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Microsoft and Citrix Virtualization and Cloud Offerings for Developers, Page 2

  • February 7, 2011
  • By Bruce Bookman
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Microsoft Appears to Be Playing Catch Up

Microsoft's approach to application development in the cloud is much different from VMware's. While VMware and third parties like Electric Cloud allow your development to be OS agnostic, Microsoft's base layer is Hyper-V or Windows Azure. This is really Microsoft's way of offering Windows as PaaS (Platform as a Service).

They do offer PHP, Java, and Ruby SDKs for developing on the Windows Azure cloud however you deploy your application to the cloud. In some respects this causes lock in to the Microsoft platform. The model is similar to Amazon EC2 or Google App Engine. Once your application is on that cloud, there is a barrier to moving it if you want.

Microsoft offers something called System Center Virtual Machine Manager for centralized management. And there is a tool for self service called the System Center Virtual Machine Manager Self-Service Portal, which should come in handy for development and test. Microsoft claims these are "partner extensible," but that is far different than offering well published SDKs and full sets of development tools.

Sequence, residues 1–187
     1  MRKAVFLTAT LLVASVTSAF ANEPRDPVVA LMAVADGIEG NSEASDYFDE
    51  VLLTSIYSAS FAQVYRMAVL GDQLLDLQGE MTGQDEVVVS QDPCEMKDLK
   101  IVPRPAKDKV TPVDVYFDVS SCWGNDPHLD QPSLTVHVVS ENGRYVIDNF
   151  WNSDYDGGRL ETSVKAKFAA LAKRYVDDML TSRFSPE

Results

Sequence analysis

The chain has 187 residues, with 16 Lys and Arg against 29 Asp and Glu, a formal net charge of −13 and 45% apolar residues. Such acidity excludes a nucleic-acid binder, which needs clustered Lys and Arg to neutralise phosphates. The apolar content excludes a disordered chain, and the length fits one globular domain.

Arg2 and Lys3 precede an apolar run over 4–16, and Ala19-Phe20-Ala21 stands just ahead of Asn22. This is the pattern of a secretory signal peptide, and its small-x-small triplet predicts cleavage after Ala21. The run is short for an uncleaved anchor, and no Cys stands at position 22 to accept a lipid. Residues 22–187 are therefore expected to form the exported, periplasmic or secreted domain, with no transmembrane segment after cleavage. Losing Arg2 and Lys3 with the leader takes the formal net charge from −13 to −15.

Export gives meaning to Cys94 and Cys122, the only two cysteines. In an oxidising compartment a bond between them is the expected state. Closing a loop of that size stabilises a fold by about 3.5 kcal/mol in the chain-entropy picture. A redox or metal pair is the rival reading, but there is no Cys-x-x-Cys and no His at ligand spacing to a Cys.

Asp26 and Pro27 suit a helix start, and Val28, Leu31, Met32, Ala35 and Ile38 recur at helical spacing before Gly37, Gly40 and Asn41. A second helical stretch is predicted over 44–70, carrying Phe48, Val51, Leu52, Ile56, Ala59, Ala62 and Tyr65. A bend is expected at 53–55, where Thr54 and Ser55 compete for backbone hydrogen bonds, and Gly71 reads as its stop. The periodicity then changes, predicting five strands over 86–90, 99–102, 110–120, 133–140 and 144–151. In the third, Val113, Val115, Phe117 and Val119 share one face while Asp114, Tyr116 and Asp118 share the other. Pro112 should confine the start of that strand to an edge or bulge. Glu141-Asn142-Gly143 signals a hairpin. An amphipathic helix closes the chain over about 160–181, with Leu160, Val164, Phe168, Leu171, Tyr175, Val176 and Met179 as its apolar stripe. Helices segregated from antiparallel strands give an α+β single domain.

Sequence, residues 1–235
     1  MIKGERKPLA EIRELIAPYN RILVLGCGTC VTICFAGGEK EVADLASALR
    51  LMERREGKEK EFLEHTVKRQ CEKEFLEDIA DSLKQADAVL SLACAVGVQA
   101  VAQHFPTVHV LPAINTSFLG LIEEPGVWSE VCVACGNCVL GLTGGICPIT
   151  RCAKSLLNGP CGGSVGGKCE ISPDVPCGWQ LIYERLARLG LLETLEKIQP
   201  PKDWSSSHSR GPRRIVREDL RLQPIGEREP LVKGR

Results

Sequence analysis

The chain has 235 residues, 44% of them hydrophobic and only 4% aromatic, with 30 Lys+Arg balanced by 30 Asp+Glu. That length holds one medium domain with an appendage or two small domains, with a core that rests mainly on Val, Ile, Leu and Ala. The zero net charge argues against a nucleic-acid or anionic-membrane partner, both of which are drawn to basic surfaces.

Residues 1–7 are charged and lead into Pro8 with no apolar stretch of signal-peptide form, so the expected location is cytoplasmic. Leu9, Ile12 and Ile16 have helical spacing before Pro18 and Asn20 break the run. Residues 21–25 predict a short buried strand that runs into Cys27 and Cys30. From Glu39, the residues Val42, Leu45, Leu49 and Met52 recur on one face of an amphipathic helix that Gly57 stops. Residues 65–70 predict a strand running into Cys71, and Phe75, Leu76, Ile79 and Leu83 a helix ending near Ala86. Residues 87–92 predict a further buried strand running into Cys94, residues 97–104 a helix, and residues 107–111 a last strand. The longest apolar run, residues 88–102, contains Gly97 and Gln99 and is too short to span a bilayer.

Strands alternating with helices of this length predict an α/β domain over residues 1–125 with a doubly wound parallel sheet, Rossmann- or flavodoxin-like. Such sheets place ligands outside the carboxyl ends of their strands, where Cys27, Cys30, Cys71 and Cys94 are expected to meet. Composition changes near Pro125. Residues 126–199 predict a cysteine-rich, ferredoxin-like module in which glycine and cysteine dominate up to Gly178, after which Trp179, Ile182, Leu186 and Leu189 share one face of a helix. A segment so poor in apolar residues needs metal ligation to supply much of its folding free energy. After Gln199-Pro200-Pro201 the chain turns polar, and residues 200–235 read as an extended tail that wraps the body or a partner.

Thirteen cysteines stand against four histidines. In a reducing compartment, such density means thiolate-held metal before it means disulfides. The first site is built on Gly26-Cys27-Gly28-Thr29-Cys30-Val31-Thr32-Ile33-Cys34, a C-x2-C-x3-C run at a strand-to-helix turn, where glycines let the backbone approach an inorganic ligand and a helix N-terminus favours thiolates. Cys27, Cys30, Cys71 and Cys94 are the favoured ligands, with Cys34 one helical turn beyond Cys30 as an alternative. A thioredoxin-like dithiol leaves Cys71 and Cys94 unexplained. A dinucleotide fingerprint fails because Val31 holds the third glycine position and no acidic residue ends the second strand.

Further support for development and test activities is provided by Visual Studio 2010 Ultimate and Visual Studio Test Professional 2010, which were announced in August 2010. Both allow leveraging Hyper-V in the development and test process. These are fairly new solutions not as market hardened as VMware's offerings or the third parties that offer such solutions on top of the VMware hypervisor.

Citrix Offers One Key Development Advantage

Five open-source licensed SDKs are available for Citrix XenServer; they cover Java, Python, C, C#, and PowerShell. Further, Citrix offers a downloadable virtual machine with all the SDKs and a XenServer Simulator along with typical Linux development tools.

Citrix has PowerShell SDK for Desktop virtualization automation and for application virtualization offers a robust library of development tools as outlined in the table below. The community is strong for Citrix XenServer development, with a large Citrix Developer Network forum.

Access Gateway Endpoint Analysis SDK

Allows creating endpoint analysis scan packages for client devices before granting them access to a server running Access Gateway Advanced Edition.

Binary SDK for 32- and 64-bit Windows Clients 10.x

This includes binaries, some source files, tools, APIs and supporting documentation that allow Citrix Technology Licensing Partners to partially customize the Citrix Receiver online plug-in software and to integrate it into their devices.

Health Monitoring and Recovery SDK

Explains how to create and configure XenApp health tests that can complement those provided by the XenApp Health Monitoring and Recovery feature out-of-the-box.

ICA Client Object SDK

Allows seamlessly embedding and integrating Citrix Receiver online plug-in functionality into third-party applications, or directly embedding the client in commercially available desktop applications that support object embedding, such as Internet Explorer, Firefox, and the Microsoft Office suite.